As one of the more successful communication protocols for process control and industrial automation, fieldbus has proven its merit in bringing projects on-line earlier and more efficiently, allowing advanced digital feedback and control to processing plants previously stuck in the analog age. This allowed far more exacting process control, greater autonomy of control loops, accurate trending, greater centralized monitoring, and lower installation costs through easier wiring and faster commissioning. However, when it came to the hazardous environments often encountered in many chemical, pharmaceutical, plastics and petroleum plants, fieldbus initially fell short when intrinsically safe (IS) techniques were required.
Initially, fieldbus implementations went the same way: use a conventional IS interface, apply the industry-standard Entity Concept and the loop (now a segment) would be safe. The problem was conventional IS interfaces under the Entity Concept allowed only 80mA or so, barely enough to drive four devices at an average draw of 20mA per device.
Technology stepped up to the challenge in the form of FISCO (fieldbus intrinsically safe concept). If cables and device parameters were defined by boundary values, modern electronic current-limiting designs could allow more current and still remain intrinsically safe. Yet FISCO has operational limitations because units' complex circuitry creates more heat and reduces unit reliability. In addition, all devices and cable must be FISCO-compatible, further limiting choices in installing fieldbus networks.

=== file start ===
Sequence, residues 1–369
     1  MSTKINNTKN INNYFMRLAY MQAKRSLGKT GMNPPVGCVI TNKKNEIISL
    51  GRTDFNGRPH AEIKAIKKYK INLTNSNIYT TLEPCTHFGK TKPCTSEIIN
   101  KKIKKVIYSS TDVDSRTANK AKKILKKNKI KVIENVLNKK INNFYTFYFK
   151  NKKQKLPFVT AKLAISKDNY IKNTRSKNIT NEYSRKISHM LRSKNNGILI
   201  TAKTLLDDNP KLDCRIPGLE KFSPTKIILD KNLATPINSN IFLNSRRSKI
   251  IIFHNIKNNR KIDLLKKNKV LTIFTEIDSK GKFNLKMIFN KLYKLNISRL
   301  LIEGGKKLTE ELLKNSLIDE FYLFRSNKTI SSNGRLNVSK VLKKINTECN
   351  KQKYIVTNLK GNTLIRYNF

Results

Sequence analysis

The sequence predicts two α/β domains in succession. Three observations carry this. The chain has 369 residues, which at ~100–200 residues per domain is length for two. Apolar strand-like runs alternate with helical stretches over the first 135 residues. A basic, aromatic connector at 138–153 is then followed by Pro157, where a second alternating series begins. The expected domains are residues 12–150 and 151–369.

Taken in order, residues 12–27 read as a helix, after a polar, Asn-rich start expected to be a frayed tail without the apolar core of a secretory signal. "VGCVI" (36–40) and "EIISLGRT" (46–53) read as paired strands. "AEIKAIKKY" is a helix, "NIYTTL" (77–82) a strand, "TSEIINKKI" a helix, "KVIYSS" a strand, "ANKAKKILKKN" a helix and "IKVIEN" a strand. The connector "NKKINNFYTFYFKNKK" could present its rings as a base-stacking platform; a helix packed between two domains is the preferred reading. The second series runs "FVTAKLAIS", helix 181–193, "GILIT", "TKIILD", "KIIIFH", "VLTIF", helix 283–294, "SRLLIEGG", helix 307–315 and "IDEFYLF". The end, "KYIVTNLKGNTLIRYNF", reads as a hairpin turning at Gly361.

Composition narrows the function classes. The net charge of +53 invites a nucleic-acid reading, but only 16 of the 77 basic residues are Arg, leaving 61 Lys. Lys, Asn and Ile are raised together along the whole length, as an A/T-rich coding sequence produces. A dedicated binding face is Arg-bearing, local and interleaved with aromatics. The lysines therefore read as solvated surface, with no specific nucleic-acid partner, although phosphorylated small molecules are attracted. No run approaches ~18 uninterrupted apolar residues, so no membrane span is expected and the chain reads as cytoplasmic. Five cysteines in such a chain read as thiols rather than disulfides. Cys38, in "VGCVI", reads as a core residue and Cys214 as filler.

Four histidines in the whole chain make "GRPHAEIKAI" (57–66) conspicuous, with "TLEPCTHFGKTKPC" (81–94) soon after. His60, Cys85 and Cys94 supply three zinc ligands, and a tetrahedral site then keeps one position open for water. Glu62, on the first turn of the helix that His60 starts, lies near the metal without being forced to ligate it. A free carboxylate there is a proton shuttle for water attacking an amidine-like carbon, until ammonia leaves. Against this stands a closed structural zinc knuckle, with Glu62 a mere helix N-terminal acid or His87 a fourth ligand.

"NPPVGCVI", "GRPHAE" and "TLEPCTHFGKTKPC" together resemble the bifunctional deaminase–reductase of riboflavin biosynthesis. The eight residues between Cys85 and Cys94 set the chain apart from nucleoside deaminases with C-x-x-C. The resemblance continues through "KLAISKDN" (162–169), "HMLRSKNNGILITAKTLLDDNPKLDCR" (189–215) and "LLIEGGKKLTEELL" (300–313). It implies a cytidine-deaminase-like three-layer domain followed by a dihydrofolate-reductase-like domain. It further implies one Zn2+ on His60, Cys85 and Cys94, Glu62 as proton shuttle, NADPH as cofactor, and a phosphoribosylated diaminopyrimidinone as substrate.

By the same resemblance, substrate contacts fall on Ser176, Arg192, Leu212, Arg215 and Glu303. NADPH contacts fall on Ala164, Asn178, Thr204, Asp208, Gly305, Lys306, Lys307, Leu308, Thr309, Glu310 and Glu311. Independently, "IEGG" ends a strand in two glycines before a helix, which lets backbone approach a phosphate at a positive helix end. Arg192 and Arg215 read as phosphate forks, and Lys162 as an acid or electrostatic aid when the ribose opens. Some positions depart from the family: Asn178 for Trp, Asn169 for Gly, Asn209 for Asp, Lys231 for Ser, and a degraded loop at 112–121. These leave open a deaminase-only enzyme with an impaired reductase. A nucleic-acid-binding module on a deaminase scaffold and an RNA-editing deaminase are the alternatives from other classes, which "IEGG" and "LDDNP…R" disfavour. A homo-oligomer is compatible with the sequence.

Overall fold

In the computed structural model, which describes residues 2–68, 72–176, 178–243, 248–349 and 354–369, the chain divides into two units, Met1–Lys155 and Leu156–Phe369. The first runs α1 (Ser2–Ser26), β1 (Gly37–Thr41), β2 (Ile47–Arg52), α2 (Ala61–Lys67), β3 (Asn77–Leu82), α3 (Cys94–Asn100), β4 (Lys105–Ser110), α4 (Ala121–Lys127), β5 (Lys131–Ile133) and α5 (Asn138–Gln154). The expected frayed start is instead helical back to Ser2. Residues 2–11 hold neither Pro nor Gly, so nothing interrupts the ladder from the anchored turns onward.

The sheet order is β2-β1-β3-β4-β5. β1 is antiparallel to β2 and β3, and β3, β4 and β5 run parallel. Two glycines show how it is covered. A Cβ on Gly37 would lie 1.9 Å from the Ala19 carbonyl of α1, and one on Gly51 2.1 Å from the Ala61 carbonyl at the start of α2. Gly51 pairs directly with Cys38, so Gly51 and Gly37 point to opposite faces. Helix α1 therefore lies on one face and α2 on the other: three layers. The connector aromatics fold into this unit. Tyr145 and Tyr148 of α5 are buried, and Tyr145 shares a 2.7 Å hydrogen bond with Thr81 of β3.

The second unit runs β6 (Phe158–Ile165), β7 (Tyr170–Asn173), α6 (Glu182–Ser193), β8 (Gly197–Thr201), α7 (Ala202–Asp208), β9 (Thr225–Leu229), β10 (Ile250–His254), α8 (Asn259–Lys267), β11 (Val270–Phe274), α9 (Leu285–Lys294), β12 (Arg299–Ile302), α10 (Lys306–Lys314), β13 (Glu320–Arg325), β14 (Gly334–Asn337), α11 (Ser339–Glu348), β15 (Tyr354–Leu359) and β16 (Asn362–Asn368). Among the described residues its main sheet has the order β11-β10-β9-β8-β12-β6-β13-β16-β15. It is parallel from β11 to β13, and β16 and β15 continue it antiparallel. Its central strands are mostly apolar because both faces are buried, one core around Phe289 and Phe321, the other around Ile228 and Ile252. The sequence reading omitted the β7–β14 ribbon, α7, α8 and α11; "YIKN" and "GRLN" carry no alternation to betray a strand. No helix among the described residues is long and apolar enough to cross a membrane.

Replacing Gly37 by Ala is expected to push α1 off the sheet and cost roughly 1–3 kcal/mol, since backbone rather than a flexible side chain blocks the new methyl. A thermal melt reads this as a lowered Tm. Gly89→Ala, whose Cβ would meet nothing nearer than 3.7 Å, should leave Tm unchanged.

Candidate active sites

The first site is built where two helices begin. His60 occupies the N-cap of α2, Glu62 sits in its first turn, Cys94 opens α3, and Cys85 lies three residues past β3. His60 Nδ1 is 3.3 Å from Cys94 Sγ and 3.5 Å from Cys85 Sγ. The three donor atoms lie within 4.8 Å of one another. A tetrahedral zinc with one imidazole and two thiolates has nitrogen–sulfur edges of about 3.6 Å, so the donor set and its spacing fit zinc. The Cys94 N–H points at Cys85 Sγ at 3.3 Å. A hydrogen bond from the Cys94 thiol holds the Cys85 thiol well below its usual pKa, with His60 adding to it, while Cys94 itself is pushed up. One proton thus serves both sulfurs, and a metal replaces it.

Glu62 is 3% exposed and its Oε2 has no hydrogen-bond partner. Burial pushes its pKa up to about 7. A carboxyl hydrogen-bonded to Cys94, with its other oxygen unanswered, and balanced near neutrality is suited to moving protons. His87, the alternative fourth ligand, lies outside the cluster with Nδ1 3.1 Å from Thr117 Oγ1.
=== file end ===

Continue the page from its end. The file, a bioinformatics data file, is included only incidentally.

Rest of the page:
Many I&C engineers have been searching for a new solution that would allow them to maximize intrinsically safe segment capacity and operational ease within hazardous applications. At last, technology has come through with a solution. The capacity barrier of FISCO has now been significantly surpassed by a novel split architecture design. Engineers at MooreHawke, a division of Moore Industries based in North Hills, CA, developed this new technology by reexamining traditional approaches.
In response to the primary cause of low segment power in fieldbus applications-the placement of the main current-limiting resistor at the point of highest current-MooreHawke developed a split architecture approach using a field-mounted device coupler, and an associated power supply with a safe-area interface. The total resistance requirement is obtained via a split resistance; a small resistor is used in the IS interface and a larger resistor is placed in the field device coupler. The small (trunk) resistor "sees" a large current (sum of all devices), but only generates a small voltage drop. The larger (spur) resistor "sees" a small current (single device) and so only generates a small voltage drop.
This design enables intrinsically safe fieldbus segments to support up to 350mA, enough to power 16 devices at 500m, while still being intrinsically safe for hydrogen at the individual spur connection. This allows fieldbus designs to be just as cost-effective and efficient in hazardous locations as it has been in non-hazardous applications.
The split-architecture power supply steps around the complexity associated with FISCO circuits by the use of a conventional wire-wound resistor that, IS terms, is deemed to be infallible.